Wimbledon laundry speaks out on lack of support

Dash Linen of Wimbledon, a family business with over thirty years of experience, operates a bespoke, high quality laundry service for a wide range of restaurants in London and the surrounding area.

Like many commercial laundry businesses it has been left to cope with the reduction in their business caused by the Covid pandemic with no financial assistance from the government, putting the future of an industry that plays a key role in the hospitality sector at risk.  “We’ve been watching our business crumble before our eyes,” says Edward Syed, director of Dash Linen.

The Textile Services Association (TSA) is once again amplifying its concerns about the government’s continued lack of support for businesses within the hospitality supply chain. The vital role commercial laundries play in keeping hotels, restaurants and a range of hospitality businesses running is being overlooked, and could disrupt the expected recovery.

The TSA has been urging the government to provide the same level of help to commercial laundries supplying the hospitality industry that other businesses in the sector have been receiving. That includes rates relief; amending the guidance to local authorities on discretionary grants, so that commercial laundries can be included; deferment of VAT until payback is viable; extending the terms of government loans until laundries can afford to repay them; and making more loans available during the bounce back.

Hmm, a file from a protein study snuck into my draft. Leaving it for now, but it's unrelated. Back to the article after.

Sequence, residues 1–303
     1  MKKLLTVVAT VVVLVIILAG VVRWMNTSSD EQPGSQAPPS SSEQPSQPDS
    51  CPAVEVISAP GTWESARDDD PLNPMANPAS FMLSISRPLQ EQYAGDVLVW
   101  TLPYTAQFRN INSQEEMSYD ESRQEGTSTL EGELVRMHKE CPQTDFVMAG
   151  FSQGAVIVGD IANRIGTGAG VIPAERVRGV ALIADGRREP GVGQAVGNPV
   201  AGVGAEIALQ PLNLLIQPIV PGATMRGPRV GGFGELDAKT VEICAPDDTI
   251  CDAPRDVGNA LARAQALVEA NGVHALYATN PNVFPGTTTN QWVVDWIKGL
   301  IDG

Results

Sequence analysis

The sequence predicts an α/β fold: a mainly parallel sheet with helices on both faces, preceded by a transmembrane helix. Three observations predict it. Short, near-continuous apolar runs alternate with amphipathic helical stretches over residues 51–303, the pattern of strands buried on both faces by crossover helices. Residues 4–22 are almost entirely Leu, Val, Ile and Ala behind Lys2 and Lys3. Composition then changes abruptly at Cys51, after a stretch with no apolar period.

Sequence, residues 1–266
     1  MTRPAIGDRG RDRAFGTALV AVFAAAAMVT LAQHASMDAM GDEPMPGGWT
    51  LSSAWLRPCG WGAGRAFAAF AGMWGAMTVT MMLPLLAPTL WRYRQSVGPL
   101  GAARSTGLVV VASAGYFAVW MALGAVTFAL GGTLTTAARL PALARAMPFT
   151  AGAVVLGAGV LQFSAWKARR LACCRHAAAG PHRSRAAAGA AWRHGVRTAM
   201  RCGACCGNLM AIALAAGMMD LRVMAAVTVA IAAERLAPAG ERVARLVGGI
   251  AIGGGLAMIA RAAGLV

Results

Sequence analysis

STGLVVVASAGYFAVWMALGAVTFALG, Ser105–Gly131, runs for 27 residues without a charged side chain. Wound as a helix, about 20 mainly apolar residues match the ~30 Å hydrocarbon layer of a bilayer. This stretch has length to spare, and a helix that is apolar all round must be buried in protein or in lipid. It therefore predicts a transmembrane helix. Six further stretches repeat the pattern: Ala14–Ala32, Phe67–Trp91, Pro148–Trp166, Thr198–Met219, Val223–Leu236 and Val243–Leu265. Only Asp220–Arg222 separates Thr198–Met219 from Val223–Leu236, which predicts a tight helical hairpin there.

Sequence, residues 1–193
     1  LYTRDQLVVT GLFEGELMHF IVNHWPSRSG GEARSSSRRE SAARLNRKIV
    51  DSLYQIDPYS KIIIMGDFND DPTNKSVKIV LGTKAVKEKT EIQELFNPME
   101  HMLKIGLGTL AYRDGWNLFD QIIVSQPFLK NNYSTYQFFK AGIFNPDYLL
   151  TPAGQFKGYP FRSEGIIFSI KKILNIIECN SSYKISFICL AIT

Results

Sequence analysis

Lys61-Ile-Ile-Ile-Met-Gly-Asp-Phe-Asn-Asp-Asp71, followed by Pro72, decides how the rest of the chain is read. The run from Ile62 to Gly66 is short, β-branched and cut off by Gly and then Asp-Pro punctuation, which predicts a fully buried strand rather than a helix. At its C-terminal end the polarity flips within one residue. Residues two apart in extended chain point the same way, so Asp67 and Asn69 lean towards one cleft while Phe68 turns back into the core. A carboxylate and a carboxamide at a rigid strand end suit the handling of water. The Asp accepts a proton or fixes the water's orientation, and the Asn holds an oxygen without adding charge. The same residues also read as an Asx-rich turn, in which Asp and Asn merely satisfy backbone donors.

The experience of Dash Linen is typical of the stories the TSA has been hearing from its members since the first lockdown began last March.  “The majority of our customers have been closed since the first lockdown,” says Syed. “We’ve lost a few altogether, as they change their operation, and some have gone bankrupt owing us money. It’s a difficult situation for everyone but it’s not being made better by the government’s scattershot approach to which businesses receive help and which don’t.”

The lack of support has already caused staff redundancies. “Before the pandemic we were employing 63 people. We had to make 14 people redundant in June 2020 after our request for grants was turned down, and since then another five have left of their own accord,” says Syed. “We’ve had a very low staff turnover, normally. Some of our staff have worked with us for over 20 years – it’s a very difficult situation. And needless to say, making everyone redundant would put us in an even worse situation.”

During the period where restrictions were eased, Syed noticed a significant drop in business compared to before the pandemic. “We used to be working six days a week. But at that time, despite the hospitality sector opening up, it was down to two.”